Ethan Stiefel and Johan Kobborg’s production of Giselle premiered in 2012, and has become a signature work for the Royal New Zealand Ballet, supported by the beautiful 2013 feature film Giselle directed by New Zealander Toa Fraser. The production is richly realised, refined with impeccable taste, and embodies the centuries-old magic of classical ballet in absolute escapist magnificence.
The impeccable Royal New Zealand Ballet Principal Mayu Tanigaito (returning to the stage for the first time following knee surgery and a year-long recovery) in the title role of Giselle is essentially flawless. She seamlessly blends virtuosic athleticism, physical sensitivity, boundless energy and discipline, with detailed, considered, authentic artistry; an actor with a commitment to her artform at the very highest level. The Wellington audience on opening night responded to Tanigaito’s first entrance to the stage with generous applause; a rare gesture indeed for a notoriously conservative New Zealand audience.
Tanigaito is partnered superbly by recently-promoted Principal Laurynas Vėjalis as Albrecht. The Stiefel/Kobborg production has deliberately refined, expanded, and breathed life and dimension into the male and corps characters of Giselle, so Vėjalis’ Albrecht is both nuanced and warm. Act II allows him to shine; the full power of his breath-taking elevation and strength revealed. The Tanigaito/Vėjalis duo is a powerhouse, and audiences fortunate enough to see this cast onstage will be treated to a experiencing a living treasure of New Zealand performing arts.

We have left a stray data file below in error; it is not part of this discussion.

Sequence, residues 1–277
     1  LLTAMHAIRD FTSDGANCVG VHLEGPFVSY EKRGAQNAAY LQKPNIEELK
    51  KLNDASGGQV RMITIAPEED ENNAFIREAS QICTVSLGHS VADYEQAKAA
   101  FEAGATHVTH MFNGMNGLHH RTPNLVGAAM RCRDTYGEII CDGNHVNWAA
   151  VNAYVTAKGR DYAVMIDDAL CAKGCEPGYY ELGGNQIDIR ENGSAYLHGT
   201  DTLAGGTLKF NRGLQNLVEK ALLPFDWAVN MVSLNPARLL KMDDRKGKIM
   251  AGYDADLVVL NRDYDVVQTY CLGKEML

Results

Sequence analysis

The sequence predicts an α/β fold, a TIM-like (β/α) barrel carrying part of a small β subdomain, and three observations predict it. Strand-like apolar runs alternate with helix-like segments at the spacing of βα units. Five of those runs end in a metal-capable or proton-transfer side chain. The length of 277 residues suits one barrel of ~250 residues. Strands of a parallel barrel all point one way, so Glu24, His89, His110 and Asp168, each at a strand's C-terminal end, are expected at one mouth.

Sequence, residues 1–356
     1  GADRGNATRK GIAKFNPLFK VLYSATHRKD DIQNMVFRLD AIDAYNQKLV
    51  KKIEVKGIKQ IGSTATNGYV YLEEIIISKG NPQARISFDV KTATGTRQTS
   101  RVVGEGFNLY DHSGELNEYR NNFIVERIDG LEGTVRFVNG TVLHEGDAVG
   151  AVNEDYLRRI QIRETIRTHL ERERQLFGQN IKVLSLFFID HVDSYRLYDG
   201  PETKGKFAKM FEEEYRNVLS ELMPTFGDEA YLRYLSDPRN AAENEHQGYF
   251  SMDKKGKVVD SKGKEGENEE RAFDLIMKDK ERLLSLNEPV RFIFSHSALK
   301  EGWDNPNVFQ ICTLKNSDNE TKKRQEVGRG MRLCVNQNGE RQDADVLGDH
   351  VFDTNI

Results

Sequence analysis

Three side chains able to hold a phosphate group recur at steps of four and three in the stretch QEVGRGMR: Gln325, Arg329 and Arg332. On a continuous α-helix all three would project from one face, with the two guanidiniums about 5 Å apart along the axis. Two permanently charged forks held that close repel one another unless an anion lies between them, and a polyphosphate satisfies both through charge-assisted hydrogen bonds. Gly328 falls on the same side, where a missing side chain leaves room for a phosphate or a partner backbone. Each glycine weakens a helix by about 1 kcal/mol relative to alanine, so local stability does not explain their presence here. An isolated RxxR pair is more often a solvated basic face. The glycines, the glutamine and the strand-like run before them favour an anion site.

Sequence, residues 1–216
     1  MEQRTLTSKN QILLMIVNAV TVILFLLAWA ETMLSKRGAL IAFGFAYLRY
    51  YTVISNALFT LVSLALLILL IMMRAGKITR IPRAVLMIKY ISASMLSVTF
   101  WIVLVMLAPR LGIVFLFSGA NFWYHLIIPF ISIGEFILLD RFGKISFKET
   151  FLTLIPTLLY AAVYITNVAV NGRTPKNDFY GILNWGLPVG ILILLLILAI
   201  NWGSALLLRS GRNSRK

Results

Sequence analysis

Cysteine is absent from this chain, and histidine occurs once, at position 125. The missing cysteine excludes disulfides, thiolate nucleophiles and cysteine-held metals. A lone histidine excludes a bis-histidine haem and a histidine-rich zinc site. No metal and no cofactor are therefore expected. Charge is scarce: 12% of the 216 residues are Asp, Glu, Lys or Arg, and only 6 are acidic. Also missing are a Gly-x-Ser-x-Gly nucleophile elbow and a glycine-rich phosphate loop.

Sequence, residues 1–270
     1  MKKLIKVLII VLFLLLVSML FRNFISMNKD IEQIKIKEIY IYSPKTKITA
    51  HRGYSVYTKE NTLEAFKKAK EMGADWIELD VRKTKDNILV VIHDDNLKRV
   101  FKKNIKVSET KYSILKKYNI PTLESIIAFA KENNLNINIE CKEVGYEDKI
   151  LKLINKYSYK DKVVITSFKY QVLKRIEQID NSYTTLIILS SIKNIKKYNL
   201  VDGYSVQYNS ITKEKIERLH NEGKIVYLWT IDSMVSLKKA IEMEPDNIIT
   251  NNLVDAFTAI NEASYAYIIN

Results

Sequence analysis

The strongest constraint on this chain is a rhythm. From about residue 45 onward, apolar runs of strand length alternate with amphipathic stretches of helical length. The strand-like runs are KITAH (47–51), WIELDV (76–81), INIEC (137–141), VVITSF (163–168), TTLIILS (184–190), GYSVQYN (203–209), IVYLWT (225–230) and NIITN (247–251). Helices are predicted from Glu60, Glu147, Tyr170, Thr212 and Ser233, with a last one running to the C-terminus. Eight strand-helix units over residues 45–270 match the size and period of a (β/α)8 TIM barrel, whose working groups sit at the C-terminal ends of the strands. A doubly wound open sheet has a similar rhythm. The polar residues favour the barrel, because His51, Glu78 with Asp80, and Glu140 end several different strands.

While retaining the best-loved traditional aspects of Giselle, Stiefel/Kobborg made thoughtful and well-informed adjustments, including considering class structure and its power over the characters’ autonomy, and allowing the technicality of the corps dancers to be celebrated through more complicated choreography. Paul Mathews as Hilarion is active, commanding, intelligent and vital; fully realising this traditionally side-lined character, and indisputably in control of the stage. Katherine Skelton and Kihiro Kusukami as The Wedding Couple are delightful, Ana Gallardo Lobaina as Moyna and Katherine Minor as Zulma perfectly embody the ethereal and wrathful Wilis with icy, haunting grace, and Kirby Selchow’s grief as Berthe is both powerful and genuinely moving.
As Myrtha, Queen of the Wilis, Principal Sara Garbowski is steely and cool, with beautifully detailed use of the eyeline, head and neck to enhance her characterisation. While technically clean, her delivery is more reserved than the other leads, requiring dramatic risk from Garbowski to provide the antithesis of Giselle’s full range of emotional states.
Howard C Jones’ design and staging for Giselle is extremely effective, layering scenery, depths, levels, and reaching a balance between stylisation and visual details to create a rich and haunting world for the ballet to unfold in. Natalia Stewart’s restrained palette of autumnal colour in Act I compliments Jones’ scenery perfectly, her Act II romantic tutus other-worldly with glorious ghostly grace. Sensitive lighting by Kendall Smith draws the production elements together with effortless sophistication, making the Royal New Zealand Ballet’s production of Giselle feel cohesive and holistically complete.
This season of Giselle is supported by live orchestra in Auckland, Wellington and Christchurch, and on opening night Orchestra Wellington, conducted by Hamish McKeitch, is resoundingly rich and vibrant.
The Royal New Zealand Ballet’s Giselle is a gem of a production, and absolutely worth seeing again for admirers of authentic (and evolving) romantic era ballet. Suspend your disbelief for a night and this ballet will reach into you and break your heart.
Giselle is touring 12 May – 9 June, 2021.